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Undergraduate Researchers

David Stonko

David Stonko, Mathematics and Statistics

“A Force-Based Approach to Unraveling the Mechanism of Cell Migration”

Faculty Mentors: Dr. Michelle Starz Gaiano, Assistant Professor, Department of Biological Science
Dr. Brad Peercy, Assistant Professor, Department of Mathematics and Statistics

Cell migration is essential for the normal development of multicellular organisms. Despite its prevalence throughout biology, the mechanism of cell locomotion is poorly understood. This is especially true of the situation where a cluster of motile and non-motile cells translocate together. Our team studies a genetically orchestrated process of this type within Drosophila melanogaster. During development migratory cells begin in the epithelium, differentiate, form a cluster and collectively migrate toward a chemoattractant. This movement is dictated by forces that act between neighboring cells. To understand these interactions we constructed a force-based ODE model of the dynamics of adhesion, repulsion, migration and stochastic fluctuation between cells. Our results indicate that our model is sufficient to reproduce the behavior observed in vivo. Moreover, this model predicts the behavioral change associated with altering the number of migratory cells, provides insight into the mechanism sufficient to cause rotation in the migratory cluster, and makes predictions about the epithelial to motile transition of the inchoate cluster. This model will thus be useful for streamlining experimental work, providing a context to interpret experimental results and for elucidating the mechanism of collective migration from fundamental bio-physical interactions.

When and how did you find out that you could do independent research or creative work as a UMBC undergraduate?
From the very beginning of my freshman year I had heard about the support given to undergraduates to do research here at UMBC. As I began to get into my coursework in Mathematics and Biology I began to realize that these stories are not fairy tales, but are the experiences of everyday students. I was also encouraged to get involved in research by several professors, who would eventually become my research and (later) my thesis mentors. Their encouragement in conjunction with the culture of research at UMBC inspired me to do research.

What academic background did you have before you started?
When I first became involved in research at UMBC I was finishing up my sophomore level mathematics courses and introductory chemistry and biology. Even with only these basic courses I was able to contribute because my mentors spent the time to catch me up and provide assistance when I required it. I encourage everyone, regardless of where you may stand in your coursework, to begin speaking with your professors and consulting programs that interest you.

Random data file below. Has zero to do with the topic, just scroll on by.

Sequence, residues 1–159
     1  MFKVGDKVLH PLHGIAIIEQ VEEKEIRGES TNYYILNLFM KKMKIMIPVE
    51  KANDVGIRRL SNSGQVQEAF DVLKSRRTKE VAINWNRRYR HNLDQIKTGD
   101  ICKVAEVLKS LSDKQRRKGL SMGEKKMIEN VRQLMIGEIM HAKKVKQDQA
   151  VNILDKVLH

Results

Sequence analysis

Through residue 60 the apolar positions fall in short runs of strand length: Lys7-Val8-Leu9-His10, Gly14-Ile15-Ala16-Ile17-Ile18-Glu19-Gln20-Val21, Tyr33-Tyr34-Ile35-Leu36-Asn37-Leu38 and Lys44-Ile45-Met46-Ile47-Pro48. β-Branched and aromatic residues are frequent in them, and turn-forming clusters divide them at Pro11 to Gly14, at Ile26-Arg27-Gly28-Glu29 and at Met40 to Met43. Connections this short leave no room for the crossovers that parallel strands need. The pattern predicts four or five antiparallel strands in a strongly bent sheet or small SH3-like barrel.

How does your research/creative work relate to your work in other classes?
It has been amazing to see my work in the lab translate into not only my coursework, but also to real world situations. It has helped me become a stronger critical thinker, expanded my interpersonal skills, helped me to work better on a team, and given me perspective into the nuances of interdisciplinary research. It also contributed to my success on the MCATs and with tutoring other students.

What is your advice to other students about getting involved in research?
Get involved! It is an amazing and unique experience. If you are a mathematics or biology major then I encourage you to check out the same program that I have had the honor to be a part of. It is called UBM, for Undergraduates in Biology and Mathematics research training program, and is an amazing program that approaches problems that lie at the interface of mathematics and biology.

How did you find a mentor and decide on a project?
I first met Dr. Peercy when he was my instructor for Linear Algebra in the spring of my freshman year. During this class he introduced me to the extremely interesting work that he was doing in the field of Mathematical Biology. This was around the same time that the UBM program was starting up here at UMBC, so I applied to work with Dr. Peercy and Dr. Starz-Gaiano on a project. It was one of the best decisions that I made here in my time here at UMBC.

What are your career goals?
I am currently in the process of preparing to apply to medical school. My dream is to get into medical school and become a surgeon. I have no doubt that my undergraduate research experience here at UMBC and the amazing mentoring that I have received has been, and will continue to be, instrumental in helping me reach my goals.

What else are you involved in at UMBC?
In addition to the work I have described here, I am also a member of Lambda Chi Alpha Fraternity, on the Men’s Club Volleyball Team, the Director of Institutional Development of SGA, a Member of the Pre-Medical Society, on the Math Team, an OPA and a Woolie. I am also a lab assistant at Johns Hopkins Medical Institute with Dr. Ryan Riddle, and I am a grader for the Department of Mathematics and Statistics here at UMBC.